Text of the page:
Thy thirst-creating steams at length produce,
When wine has given indecent language birth, May furnish illustration, well applied;
And forced the flood-gates of licentious mirth; But sedentary weavers of long tales
For sea-born Venus her attachment shows Give me the fidgets, and my patience fails.
Still to that element, from which she rose, 'Tis the most asinine employ on earth,
And with a quiet, which no fumes disturb, 'To hear them tell of parentage and birth, And echo conversations dull and dry,
Sips meek infusions of a milder herb.
Th' emphatic speaker dearly loves t'oppose Embellished with—He said, and So said I.
In contact inconvenient, nose to nose, At every interview their route the same,
As if the gnomon on his neighbour's phiz, The repetition makes attention lame:
Touched with the magnet, had attracted his. We bustle up with unsuccessful speed,
His whispered theme, dilated and at large,
Proves after all a wind-gun's airy charge,
An extract of his diary-no more,
A tasteless journal of the day before.
He walked abroad, o'ertaken in the rain,
Called on a friend, drank tea, stepped home again, The worst that can invade a sickly brain,
Resumed his purpose, had a world of talk Is that, which angles hourly for surprise,
With one he stumbled on, and lost his walk. And baits its hook with prodigies and lies.
I interrupt him with a sudden bow, Credulous infancy, or age as weak,
Adieu, dear sir! lest you should lose it now. Are fittest auditors for such to seek,
I can not talk with civet in the room,
A fine puss-gentleman that's all perfume;
The sight's enough—no need to smell a beau
Who thrusts his nose into a rareeshow?
His odoriferous attempts to please,
Perhaps might prosper with a swarm of bees; Yes, (rather moved) I saw it with these eyes;
But we that make no honey, though we sting, Sir! I believe it on that ground alone;
Poets, are sometimes apt to maul the thing. I could not, had I seen it with my own.
'Tis wrong to bring into a mixed resort,
What makes some sick, and others a la-mort: A tale should be judicious, clear, succinct; An argument of cogence, we may say, The language plain, and incidents well linked; Why such a one should keep himself away. Tell not as new what every body knows,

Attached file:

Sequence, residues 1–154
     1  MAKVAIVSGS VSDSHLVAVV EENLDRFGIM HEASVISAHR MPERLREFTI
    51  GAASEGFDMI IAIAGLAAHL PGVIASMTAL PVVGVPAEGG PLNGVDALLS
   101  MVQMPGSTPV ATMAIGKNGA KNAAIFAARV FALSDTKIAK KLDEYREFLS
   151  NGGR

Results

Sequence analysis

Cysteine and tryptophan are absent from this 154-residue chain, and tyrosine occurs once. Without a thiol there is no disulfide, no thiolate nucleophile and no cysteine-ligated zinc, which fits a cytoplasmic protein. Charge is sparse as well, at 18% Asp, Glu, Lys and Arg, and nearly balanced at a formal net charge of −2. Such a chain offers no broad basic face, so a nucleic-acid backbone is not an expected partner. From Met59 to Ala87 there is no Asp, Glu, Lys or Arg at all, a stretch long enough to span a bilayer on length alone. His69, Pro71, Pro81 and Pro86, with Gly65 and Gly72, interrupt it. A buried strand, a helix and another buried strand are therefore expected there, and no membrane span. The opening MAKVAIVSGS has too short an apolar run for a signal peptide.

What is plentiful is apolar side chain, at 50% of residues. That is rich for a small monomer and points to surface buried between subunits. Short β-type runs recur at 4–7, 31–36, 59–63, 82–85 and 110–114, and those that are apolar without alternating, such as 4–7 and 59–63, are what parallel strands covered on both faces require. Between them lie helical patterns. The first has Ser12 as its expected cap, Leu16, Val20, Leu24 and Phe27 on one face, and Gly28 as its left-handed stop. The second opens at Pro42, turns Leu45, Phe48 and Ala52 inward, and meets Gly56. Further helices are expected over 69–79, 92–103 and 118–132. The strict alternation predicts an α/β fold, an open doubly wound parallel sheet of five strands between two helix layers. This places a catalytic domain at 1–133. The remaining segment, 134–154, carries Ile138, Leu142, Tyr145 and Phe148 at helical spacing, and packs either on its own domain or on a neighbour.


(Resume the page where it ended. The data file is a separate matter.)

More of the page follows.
A graver coxcomb we may sometimes see, And, new or old, still hasten to a close;
Quite as absurd, though not so light as he;
An oracle within an empty cask,
A fool with judges, amongst fools a judge;
He says but little, and that little said
Few Frenchmen of this evil have complained; Owes all its weight, like loaded dice, to lead. It seems as if we Britons were ordained, His wit invites you by his looks to come, By way of wholesome curb upon our pride; But when you knock, it never is at home. To fear each other, fearing none beside. *Tis like a parcel sent you by the stage,
The cause perbaps inquiry may descry,
The vainest corner of our own vain heart;
Sonr men employ their health, an ugly trick, In other eyes our talents rarely shown,
We dare not risk them into public view,
Lest they miscarry of what seems their due.
And only blushes in the proper place;
Where 'tis a shame to be ashamed t appear : Now the distemper, spite of draught or pill, Humility the parent of the first, Victorious seemed, and now the doctor's skill; The last hy vanity produced and nursed. And now-alas for unforeseen mishaps ! The circle formed, we sit in silent state, They put on a damp nightcap and relapse; Like figures drawn upon a dial plate; They thought they must have died, they were so Yes ma'am and no ma'am, uttered softly show bad;
Every five minutes how the minutes go; Their peevish hearers almost wish they had. Each individual suffering a constraint
Some fretful tempers wince at every touch, Poetry may, but colours can not paint;
As if in close committee on the sky,
Of wise reflection, and well timed discourse.
But fear to call a more important cause,
Recovering what we lost we know not how,
The reeking, roaring hero of the chase,
And though the fox he follows may be tamed,
Or if, deserving of a better doom,
Yet e'en the rogue that serves him, though he stand, Like hidden lamps in old sepulchral urns. To take his honour's orders, cap in hand,